Virus, Germ, or Bacteria?
What’s the difference between a germ, a virus, and bacteria? Everyday Einstein focuses his microscope to find out.
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A stroll down the supermarket aisle will show you all kinds of products that promise to kill germs, others that are antibacterial, and still others that kill viruses. But which is better? What’s the difference between germs, viruses, and bacteria?
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The word “germ” is a catch-all phrase that can mean any microscopic particle that can cause illness in humans. The word germ comes from germen which means seed or sprout. That’s because early scientists studying germs thought about them as little seeds that spread between organisms.
Not all scientists believed in this idea of germs however, which is understandable as to a 16th century scientist it might sound a little far-fetched. “Yeah, man there are like these invisible thingees that float through the air, and if they touch you, you like totally get sick dude...”
Of course the alternative theories weren’t much better. The prevailing idea at the time of germ theory was miasma theory, which held that noxious fumes from rotting matter caused disease.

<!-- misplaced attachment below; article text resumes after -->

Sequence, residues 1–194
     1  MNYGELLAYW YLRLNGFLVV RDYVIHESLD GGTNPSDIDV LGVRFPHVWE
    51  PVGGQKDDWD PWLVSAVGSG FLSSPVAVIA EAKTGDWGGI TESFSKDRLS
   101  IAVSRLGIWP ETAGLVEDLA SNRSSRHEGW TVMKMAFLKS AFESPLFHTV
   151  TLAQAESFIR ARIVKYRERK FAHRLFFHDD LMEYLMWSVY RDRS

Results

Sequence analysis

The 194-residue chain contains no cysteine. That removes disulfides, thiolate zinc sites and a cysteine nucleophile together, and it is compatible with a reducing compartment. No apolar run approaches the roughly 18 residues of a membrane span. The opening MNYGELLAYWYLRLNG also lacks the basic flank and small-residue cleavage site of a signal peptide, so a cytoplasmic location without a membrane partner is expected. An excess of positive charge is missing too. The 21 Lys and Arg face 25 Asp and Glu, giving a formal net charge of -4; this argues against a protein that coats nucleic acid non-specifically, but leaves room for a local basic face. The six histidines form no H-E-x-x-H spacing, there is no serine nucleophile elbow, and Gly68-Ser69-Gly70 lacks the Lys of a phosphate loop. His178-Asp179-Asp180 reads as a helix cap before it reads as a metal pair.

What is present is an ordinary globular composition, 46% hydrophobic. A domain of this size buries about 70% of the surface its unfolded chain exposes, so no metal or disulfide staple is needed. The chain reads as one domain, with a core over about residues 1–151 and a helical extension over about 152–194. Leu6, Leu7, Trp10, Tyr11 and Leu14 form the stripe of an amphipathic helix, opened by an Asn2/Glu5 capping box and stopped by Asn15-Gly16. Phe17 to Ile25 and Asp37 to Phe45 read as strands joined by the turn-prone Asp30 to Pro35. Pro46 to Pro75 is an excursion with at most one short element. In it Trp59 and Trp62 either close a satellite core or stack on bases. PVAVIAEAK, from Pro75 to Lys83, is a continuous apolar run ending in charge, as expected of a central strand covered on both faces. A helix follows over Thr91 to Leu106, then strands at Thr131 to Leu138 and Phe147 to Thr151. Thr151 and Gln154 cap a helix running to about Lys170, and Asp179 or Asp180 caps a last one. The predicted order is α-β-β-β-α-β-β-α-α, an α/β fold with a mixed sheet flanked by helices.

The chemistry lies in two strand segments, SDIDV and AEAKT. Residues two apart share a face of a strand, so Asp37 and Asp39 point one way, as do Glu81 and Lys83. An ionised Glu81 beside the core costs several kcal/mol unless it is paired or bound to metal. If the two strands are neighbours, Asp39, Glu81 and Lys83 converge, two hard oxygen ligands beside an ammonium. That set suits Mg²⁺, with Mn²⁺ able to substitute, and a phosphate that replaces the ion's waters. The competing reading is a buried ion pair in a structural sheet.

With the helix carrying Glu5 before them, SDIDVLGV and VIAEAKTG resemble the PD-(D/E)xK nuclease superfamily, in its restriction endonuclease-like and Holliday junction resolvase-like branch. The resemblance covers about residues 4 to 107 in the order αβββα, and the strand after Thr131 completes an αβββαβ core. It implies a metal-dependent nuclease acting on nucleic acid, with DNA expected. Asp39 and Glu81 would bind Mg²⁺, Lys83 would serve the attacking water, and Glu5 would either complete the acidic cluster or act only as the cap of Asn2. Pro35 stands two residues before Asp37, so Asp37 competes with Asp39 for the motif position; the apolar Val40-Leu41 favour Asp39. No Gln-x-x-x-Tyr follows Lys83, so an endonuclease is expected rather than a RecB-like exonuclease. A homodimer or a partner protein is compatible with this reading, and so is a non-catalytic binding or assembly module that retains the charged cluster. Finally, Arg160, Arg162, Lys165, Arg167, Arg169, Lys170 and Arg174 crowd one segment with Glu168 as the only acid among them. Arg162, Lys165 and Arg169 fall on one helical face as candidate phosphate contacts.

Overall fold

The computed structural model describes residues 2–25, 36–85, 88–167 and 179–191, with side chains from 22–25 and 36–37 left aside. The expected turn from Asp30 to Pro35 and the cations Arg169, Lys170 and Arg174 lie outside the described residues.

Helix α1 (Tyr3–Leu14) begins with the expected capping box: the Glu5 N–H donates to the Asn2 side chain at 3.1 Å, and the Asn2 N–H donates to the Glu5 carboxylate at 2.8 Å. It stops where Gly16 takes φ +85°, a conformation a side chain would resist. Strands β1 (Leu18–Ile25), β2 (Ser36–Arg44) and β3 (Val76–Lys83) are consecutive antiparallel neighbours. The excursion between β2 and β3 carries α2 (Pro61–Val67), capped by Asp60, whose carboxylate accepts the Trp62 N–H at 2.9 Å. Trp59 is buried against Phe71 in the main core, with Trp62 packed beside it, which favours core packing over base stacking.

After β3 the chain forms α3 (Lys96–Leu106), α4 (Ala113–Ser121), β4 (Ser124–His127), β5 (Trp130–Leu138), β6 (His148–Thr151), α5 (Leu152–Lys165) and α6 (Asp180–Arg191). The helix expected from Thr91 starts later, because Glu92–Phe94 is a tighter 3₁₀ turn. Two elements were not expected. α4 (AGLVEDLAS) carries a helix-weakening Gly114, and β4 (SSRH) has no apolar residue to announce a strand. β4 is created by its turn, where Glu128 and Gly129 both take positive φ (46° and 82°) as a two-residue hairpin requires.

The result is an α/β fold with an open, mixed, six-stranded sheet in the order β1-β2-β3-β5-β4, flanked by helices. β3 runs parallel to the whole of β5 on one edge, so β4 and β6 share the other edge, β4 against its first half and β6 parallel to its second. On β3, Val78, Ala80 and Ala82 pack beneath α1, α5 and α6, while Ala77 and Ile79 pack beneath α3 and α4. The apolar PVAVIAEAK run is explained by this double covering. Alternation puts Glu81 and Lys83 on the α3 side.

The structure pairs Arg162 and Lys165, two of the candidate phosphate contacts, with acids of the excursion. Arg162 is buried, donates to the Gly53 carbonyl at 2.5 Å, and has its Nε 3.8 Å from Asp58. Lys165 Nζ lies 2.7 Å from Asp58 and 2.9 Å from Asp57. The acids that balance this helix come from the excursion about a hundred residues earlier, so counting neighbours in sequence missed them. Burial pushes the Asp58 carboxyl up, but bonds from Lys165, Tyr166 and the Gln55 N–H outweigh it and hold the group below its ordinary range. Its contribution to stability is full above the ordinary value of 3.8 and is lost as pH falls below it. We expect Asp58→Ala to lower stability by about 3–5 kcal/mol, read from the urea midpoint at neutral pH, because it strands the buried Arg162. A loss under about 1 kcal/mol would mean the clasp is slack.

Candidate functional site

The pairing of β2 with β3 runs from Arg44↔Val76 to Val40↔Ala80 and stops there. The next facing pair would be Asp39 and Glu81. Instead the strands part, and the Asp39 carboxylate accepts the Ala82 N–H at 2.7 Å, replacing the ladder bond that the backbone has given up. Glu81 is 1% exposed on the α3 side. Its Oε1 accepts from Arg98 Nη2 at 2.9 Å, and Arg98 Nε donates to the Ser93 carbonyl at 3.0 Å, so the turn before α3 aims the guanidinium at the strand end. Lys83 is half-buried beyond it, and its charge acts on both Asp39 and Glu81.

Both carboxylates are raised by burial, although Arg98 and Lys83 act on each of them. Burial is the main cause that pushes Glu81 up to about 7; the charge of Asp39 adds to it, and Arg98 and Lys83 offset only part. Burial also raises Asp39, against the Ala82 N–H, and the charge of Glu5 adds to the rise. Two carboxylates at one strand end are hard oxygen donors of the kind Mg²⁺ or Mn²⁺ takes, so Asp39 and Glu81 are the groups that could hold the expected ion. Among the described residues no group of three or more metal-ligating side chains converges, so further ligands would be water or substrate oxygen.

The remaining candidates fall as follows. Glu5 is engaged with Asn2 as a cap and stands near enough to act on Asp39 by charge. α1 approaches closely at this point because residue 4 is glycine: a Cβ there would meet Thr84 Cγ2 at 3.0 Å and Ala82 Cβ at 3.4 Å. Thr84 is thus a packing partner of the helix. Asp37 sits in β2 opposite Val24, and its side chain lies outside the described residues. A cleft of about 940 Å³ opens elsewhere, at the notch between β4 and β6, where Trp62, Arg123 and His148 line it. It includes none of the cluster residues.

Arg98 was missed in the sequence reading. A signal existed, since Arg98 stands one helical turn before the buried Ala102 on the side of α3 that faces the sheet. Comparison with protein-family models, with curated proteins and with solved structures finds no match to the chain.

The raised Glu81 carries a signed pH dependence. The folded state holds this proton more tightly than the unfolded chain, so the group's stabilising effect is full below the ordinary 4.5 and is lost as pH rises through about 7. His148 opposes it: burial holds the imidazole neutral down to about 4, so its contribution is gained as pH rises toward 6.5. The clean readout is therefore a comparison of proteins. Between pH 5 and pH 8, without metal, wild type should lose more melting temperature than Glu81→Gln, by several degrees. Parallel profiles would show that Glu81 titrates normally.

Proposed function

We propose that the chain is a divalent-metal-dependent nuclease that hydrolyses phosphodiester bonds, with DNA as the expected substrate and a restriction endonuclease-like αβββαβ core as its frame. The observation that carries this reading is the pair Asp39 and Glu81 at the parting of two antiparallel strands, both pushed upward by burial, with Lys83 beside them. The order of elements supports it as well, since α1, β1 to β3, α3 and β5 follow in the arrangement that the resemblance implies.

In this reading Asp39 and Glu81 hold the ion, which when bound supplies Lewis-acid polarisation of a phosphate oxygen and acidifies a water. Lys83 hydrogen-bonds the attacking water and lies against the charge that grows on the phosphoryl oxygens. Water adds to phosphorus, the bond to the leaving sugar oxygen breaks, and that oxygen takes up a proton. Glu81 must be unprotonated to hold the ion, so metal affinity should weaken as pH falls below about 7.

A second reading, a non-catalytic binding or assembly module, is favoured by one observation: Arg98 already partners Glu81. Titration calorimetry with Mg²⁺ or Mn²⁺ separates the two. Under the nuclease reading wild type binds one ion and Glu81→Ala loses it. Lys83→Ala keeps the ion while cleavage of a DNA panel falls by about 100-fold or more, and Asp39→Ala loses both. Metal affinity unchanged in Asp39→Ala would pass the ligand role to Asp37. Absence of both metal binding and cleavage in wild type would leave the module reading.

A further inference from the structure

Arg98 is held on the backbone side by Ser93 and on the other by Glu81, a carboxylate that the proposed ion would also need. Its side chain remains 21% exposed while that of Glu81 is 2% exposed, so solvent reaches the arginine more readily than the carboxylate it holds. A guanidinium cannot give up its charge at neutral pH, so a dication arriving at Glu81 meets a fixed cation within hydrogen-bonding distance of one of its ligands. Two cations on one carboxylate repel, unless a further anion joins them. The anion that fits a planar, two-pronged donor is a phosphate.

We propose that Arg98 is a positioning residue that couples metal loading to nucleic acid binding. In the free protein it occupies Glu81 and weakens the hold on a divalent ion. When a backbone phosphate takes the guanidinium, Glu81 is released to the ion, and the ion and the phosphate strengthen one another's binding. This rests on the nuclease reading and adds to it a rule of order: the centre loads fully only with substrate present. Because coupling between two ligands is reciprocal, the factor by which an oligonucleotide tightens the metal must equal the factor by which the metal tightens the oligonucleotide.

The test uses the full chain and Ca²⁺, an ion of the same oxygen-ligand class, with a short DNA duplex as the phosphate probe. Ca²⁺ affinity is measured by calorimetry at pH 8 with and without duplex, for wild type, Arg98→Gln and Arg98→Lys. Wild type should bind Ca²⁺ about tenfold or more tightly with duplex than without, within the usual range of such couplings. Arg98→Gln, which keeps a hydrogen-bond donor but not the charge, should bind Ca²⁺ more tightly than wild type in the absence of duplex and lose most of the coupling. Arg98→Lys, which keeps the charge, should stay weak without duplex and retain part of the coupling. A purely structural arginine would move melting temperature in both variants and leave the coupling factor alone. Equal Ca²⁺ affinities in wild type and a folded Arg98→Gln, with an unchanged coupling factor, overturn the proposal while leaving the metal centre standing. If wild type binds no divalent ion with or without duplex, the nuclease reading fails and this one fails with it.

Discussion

While wrong in essentials, this idea did lead to a number of reforms in sanitation in cities which slowed the spread of disease. Florence Nightingale was also a proponent of miasma theory, which helped drive many sanitary reforms in hospital wards.
While germ theory had been proposed much earlier, it wasn’t widely accepted until the late 1800s. This was thanks mainly to the experiments of Louis Pasteur and Robert Koch.
In modern times, the term “germ” isn’t widely used in formal science. Instead, disease-causing objects are referred to by what type they are. Viruses and bacteria are types of germs, as are certain types of fungi, protists, and prions.
Bacteria are microscopic, single-celled organisms which live pretty much anywhere and everywhere. There are bacteria that live in water, soil, the air, clouds, your carpet, the ocean, and inside your body. Just how many types of bacteria are there? Nobody knows. In fact, even experts in microbiology vary widely in their estimates, ranging from tens of thousands to hundreds of millions of different species.
Fortunately, most bacteria are harmless. In fact, many bacteria are beneficial and help with metabolism and other aspects of human health. Your body actually has 10 times as many bacterial cells in it than it does human cells.
See also: A World Tour of Lactobacillus Bacteria